Q. As a Bangor Daily News reader, I look forward to your … column. I’ve wondered about something for a while and hoped you could clarify this topic: How does it work that some businesses with national affiliations (for example, in Bangor: Pearle Vision, Little Caesars, Quiznos) will not honor coupons or advertisements that their company nationally promotes? They say they are not a participating franchise, and do not honor special offers. It seems to me that they benefit from the national advertising and name recognition that their company offers, but at the same time also benefit from choosing not to participate in promotions.
A. Your question seems like a simple one, but as with most things legal, the subject is more complicated than you would think. It involves the intersection of franchise law (essentially, contract law), the law of business corporations and the law of consumer protection.
Franchise contracts are complex agreements in which a franchisee pays for the right (a license) to provide a product or service, frequently under the name of a nationally known brand or trademark. In addition to the right to sell the product or service, the franchise agreement often will provide other benefits to the franchisee, in-cluding advertising and promotional efforts.
A franchise is frequently, if not always, a separate entity, formed under the laws of the state in which it operates. As such, it has a legal existence separate from its owner and is free to engage and transact in business just like other corporate entities.
The local franchise, as well as the national company, are free to use the airwaves to promote their product. However, in the absence of an agreement between the two companies (national and local), the national company cannot bind the local company and the local company cannot bind the national company. They are separate. Thus in advertising, almost always, we are informed that “participation may vary” or some such other disclosure to put the public on notice that the national company is not speaking for every local franchise.
However, in certain circumstances, advertising campaigns may include representations that mislead the public. In those circumstances, there are state and federal statutes to protect against false and deceptive advertising. Under the Maine Unfair Trade Practices Act, an act or practice is deceptive if it is a material representation, omission, act or practice that is likely to mislead consumers acting reasonably under the circumstances. A material representation is one that involves information that is important to consumers and likely to affect their choice of a product. To be deceptive, it is not necessary to prove that the person or entity making the representa-tion intended to deceive.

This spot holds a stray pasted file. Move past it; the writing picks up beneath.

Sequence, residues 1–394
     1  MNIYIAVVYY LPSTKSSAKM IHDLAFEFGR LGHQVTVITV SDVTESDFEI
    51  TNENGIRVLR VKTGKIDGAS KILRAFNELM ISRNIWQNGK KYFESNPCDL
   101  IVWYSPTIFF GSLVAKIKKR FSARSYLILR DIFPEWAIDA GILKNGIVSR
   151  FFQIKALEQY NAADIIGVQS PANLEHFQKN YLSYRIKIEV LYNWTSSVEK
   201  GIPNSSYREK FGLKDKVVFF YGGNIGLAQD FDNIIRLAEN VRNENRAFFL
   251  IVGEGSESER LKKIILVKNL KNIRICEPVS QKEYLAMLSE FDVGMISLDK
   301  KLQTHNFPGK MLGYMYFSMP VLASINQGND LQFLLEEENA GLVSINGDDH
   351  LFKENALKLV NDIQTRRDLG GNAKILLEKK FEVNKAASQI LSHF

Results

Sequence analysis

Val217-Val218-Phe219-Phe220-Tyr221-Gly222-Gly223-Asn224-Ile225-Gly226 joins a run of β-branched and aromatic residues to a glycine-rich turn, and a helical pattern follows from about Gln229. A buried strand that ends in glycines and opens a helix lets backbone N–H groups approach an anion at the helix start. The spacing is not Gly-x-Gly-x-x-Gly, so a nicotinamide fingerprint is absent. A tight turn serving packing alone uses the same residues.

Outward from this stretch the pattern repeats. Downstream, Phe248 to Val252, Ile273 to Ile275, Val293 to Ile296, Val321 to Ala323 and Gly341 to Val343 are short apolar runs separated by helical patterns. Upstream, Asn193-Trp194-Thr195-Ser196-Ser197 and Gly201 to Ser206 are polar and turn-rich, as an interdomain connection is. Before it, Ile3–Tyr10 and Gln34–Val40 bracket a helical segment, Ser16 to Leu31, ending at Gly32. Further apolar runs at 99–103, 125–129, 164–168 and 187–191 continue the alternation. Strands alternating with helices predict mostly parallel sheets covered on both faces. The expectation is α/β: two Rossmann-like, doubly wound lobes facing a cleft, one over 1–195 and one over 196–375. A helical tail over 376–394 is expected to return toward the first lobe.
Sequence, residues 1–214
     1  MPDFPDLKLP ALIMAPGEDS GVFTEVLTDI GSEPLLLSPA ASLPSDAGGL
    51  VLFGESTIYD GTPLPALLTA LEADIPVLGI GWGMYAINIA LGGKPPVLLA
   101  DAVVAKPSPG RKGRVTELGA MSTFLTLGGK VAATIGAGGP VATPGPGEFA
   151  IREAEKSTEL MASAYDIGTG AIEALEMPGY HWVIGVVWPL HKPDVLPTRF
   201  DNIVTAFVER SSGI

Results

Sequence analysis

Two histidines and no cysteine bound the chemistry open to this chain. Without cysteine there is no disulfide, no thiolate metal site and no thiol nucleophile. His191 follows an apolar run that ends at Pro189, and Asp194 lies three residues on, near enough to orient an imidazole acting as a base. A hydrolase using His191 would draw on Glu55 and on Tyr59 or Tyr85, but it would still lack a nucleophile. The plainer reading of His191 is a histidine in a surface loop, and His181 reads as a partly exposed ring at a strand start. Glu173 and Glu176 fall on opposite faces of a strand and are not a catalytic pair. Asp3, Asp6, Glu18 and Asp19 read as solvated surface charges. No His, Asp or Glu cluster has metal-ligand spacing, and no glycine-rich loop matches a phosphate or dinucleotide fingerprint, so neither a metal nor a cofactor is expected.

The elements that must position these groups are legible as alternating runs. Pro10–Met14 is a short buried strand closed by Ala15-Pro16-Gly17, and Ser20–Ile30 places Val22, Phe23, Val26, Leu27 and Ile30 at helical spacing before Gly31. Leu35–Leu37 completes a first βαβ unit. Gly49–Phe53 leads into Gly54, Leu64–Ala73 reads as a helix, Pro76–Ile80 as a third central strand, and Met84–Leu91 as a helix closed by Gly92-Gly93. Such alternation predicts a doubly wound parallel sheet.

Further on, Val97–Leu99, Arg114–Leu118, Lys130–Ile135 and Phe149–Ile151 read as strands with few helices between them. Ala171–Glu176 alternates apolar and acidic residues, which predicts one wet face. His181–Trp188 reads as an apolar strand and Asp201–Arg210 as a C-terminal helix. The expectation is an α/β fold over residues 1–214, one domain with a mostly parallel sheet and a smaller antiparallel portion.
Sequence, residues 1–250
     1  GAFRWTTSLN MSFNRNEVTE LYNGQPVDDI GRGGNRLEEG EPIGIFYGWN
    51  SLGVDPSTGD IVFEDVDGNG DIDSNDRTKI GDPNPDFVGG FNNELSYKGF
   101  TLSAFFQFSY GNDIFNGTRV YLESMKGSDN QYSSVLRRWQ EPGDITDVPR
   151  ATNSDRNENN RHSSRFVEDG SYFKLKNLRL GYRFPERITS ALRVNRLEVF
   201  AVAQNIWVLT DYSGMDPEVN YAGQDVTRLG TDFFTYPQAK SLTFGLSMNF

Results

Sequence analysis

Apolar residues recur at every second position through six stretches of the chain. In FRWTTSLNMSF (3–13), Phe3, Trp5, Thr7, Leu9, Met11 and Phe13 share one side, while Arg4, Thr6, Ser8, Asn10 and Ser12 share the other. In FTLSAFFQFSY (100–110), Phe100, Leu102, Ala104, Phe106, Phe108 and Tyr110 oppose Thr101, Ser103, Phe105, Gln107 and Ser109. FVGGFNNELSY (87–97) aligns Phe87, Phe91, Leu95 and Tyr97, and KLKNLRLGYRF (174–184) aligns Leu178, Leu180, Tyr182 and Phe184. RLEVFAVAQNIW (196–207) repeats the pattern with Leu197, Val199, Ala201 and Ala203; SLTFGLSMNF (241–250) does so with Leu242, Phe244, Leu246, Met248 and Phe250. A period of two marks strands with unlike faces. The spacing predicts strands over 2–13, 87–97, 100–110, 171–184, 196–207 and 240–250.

Every case is different. It is necessary to look at the facts of each case carefully, to see if they support a claim for unfair trade practices. The statute was intentionally drafted broadly in an effort to protect consumers. It has been an effective tool in maintaining the balance between healthy commerce and consumer protection.
So, how do you know if you have a case worth pursuing? Is there a bright line test, as lawyers would say, to determine if you have a good case? The level of damages is important but it is not the only question; issues of principle (the rightness or wrongness of what happened), cost, proof, evidence, time, attorney’s fees and incon-venience all figure into the calculus. Don’t disregard a hunch. If you feel that an advertising campaign may have crossed the line, consult an attorney.
This column is a service of the Lawyer Referral and Information Service of the Maine State Bar Association. Its contents are a general response to the question and do not constitute legal advice. Questions are welcome. E-mail AAL@mainebar.org, describe your question and note you are a BDN reader.
Written questions mailed to “Ask a Lawyer,” Bangor Daily News, P.O. Box 1329, Bangor, Maine, 04402-1329 will be forwarded to the LRIS.